Water woes in Post Mills (Part 1)
During the 1980s when the state was closing landfills built without an impervious liner, the landfill in Post Mills continued to accept trash from around the state. It too is an unlined landfill.
In the past few years, a couple of Post Mills residents chose to cancel development plans. One homeowner backed away from building a mother-in-law house. Another nixed plans to raise beef cattle on their land. Was there a common thread? It turns out that both stories revolve around the water supply near the closed landfill in Post Mills (the former Upper Valley Regional Landfill or UVRL).
The landfill has been closed since the early 1990s. However, during the 1980s when the state was closing landfills built without an impervious liner, the UVRL continued to accept trash from around the state. It, too, is an unlined landfill. It finally shut down after several neighbors found contaminants in their wells that were typical of landfill leachate. The landfill closure settlement paid for the construction of a replacement water supply that draws unpolluted water from the nearby Post Mills Nature Area. However, the system was sized to supply only those homes originally affected. More recent would-be water users found themselves out of luck.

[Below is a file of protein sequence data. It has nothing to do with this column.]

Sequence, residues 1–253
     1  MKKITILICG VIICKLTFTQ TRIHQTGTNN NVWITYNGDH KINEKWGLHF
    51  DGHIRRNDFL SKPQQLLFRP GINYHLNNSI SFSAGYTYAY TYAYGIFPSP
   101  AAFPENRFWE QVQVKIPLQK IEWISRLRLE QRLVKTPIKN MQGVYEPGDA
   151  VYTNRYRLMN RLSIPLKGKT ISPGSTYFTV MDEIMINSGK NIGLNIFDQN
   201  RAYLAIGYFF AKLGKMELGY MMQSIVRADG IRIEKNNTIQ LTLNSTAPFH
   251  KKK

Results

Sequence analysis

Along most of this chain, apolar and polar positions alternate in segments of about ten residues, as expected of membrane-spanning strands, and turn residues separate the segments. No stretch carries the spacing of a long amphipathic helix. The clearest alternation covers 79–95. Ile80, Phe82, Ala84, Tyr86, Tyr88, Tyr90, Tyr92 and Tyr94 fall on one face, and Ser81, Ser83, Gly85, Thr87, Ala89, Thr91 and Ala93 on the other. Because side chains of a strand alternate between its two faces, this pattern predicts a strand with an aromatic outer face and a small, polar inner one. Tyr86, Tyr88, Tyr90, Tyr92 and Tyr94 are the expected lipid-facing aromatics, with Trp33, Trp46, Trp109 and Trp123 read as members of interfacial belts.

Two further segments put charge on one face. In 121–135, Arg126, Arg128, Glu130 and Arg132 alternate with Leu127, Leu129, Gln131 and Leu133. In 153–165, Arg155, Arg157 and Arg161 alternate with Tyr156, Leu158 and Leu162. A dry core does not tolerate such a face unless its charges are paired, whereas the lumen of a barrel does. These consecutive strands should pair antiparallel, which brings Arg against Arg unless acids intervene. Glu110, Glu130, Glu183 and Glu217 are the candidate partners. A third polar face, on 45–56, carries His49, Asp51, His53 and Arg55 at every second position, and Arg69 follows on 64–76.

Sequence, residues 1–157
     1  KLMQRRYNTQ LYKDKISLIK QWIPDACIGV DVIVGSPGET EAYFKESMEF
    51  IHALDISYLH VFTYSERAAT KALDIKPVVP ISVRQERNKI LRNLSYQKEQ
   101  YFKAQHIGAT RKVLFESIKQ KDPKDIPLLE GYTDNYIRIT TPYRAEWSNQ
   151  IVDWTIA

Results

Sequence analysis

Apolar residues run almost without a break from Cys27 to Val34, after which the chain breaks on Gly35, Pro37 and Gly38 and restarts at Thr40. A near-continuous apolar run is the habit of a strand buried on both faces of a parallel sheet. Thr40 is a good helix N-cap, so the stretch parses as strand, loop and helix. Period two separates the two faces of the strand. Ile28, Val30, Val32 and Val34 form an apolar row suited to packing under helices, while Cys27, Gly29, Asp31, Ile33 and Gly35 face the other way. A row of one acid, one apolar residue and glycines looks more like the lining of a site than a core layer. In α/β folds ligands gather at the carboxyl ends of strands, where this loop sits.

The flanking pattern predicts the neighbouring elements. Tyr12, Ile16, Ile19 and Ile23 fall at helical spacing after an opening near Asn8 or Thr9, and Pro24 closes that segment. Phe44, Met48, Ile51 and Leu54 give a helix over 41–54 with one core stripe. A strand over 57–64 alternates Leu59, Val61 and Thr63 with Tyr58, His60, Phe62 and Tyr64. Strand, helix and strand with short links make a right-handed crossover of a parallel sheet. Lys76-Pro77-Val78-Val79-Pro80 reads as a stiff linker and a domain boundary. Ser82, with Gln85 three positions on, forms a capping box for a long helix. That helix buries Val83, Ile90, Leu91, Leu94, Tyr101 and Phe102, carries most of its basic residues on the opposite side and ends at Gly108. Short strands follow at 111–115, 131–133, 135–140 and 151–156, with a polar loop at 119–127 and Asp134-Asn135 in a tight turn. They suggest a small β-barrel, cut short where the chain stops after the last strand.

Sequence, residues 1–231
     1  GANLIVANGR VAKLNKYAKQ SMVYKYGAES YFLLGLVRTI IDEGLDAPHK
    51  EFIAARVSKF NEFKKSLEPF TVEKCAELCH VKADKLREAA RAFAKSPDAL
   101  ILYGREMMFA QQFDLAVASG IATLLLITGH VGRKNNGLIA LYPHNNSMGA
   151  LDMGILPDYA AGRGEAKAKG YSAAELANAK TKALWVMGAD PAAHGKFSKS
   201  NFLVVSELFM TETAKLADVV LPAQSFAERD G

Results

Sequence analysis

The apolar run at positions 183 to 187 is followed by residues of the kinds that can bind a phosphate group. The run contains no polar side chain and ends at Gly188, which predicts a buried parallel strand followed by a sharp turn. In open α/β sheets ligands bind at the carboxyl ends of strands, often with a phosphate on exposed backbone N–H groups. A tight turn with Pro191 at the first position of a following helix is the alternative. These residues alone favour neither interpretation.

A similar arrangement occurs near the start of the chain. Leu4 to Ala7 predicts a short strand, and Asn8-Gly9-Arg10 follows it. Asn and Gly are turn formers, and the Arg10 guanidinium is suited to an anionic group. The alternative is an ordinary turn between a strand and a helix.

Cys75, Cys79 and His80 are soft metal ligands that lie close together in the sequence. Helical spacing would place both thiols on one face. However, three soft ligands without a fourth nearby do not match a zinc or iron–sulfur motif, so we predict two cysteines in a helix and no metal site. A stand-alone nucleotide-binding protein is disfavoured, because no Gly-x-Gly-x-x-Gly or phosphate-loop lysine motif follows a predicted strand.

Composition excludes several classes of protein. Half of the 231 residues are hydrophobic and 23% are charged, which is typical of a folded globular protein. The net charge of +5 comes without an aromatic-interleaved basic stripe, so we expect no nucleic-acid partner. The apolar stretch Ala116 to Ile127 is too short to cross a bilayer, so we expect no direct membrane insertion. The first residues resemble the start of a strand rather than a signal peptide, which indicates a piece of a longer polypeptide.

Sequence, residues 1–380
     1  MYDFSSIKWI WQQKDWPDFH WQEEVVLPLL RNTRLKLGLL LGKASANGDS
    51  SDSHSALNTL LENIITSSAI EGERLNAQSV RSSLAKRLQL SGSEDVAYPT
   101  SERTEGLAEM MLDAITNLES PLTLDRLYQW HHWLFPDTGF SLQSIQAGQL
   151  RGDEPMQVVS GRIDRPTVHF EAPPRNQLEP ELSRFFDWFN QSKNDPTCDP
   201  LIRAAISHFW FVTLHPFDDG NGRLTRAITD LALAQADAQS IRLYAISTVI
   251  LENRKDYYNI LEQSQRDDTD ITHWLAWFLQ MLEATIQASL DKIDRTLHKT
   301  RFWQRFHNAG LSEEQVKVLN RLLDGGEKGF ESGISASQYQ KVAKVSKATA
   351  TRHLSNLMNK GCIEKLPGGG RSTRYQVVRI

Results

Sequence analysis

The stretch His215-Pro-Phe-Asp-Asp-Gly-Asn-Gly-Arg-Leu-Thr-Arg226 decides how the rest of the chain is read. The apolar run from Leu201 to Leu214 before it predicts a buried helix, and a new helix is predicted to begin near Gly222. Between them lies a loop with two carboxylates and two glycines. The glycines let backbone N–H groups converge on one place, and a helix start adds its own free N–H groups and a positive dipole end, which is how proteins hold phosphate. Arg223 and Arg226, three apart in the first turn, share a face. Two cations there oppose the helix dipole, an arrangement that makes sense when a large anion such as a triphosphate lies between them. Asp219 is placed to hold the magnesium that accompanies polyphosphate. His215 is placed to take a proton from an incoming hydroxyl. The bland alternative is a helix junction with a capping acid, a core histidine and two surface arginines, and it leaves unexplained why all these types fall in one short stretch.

How many future developments might be stymied by the pollution of the aquifer? Or, to put it another way, do we know the true extent of the problem, and will it go away sometime in the future?